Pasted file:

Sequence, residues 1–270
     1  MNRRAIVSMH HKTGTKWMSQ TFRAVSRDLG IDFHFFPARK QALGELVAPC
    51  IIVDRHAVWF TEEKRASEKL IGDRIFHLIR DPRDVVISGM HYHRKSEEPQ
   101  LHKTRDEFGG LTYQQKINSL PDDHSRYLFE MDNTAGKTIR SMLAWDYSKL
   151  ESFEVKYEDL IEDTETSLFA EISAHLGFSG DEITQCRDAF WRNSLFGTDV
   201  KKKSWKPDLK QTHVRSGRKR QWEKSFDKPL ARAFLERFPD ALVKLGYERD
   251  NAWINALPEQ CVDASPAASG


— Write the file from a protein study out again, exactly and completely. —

Sequence, residues 1–270
     1  MNRRAIVSMH HKTGTKWMSQ TFRAVSRDLG IDFHFFPARK QALGELVAPC
    51  IIVDRHAVWF TEEKRASEKL IGDRIFHLIR DPRDVVISGM HYHRKSEEPQ
   101  LHKTRDEFGG LTYQQKINSL PDDHSRYLFE MDNTAGKTIR SMLAWDYSKL
   151  ESFEVKYEDL IEDTETSLFA EISAHLGFSG DEITQCRDAF WRNSLFGTDV
   201  KKKSWKPDLK QTHVRSGRKR QWEKSFDKPL ARAFLERFPD ALVKLGYERD
   251  NAWINALPEQ CVDASPAASG